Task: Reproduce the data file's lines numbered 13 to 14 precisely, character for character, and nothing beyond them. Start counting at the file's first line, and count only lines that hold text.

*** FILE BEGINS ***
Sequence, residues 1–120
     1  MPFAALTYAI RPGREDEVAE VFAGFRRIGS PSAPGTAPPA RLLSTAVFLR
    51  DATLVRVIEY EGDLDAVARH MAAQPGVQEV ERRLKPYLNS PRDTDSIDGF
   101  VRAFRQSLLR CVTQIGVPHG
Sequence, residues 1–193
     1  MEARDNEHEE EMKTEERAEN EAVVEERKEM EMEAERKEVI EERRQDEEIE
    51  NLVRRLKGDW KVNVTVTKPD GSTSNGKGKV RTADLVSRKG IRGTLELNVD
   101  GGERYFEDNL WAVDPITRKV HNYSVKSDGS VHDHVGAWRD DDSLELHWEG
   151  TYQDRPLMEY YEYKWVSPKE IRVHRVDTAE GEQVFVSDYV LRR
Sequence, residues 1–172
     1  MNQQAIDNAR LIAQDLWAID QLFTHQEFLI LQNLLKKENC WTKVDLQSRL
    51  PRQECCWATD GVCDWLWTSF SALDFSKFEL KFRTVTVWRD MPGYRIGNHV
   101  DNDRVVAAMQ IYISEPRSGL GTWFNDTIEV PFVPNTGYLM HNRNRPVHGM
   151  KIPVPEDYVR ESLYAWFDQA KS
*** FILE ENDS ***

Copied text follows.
   101  DNDRVVAAMQ IYISEPRSGL GTWFNDTIEV PFVPNTGYLM HNRNRPVHGM
   151  KIPVPEDYVR ESLYAWFDQA KS